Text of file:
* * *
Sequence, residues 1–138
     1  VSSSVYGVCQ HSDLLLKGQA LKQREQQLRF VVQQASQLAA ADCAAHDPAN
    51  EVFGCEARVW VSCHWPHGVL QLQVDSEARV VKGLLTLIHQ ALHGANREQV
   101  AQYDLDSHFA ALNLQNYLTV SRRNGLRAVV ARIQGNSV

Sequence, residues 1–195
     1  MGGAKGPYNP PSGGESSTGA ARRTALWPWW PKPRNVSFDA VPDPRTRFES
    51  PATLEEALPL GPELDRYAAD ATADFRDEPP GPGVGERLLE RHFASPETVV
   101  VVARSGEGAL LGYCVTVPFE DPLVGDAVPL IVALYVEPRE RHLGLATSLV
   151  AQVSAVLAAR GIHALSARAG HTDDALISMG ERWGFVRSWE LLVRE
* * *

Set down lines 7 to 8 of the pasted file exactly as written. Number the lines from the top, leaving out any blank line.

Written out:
    51  PATLEEALPL GPELDRYAAD ATADFRDEPP GPGVGERLLE RHFASPETVV
   101  VVARSGEGAL LGYCVTVPFE DPLVGDAVPL IVALYVEPRE RHLGLATSLV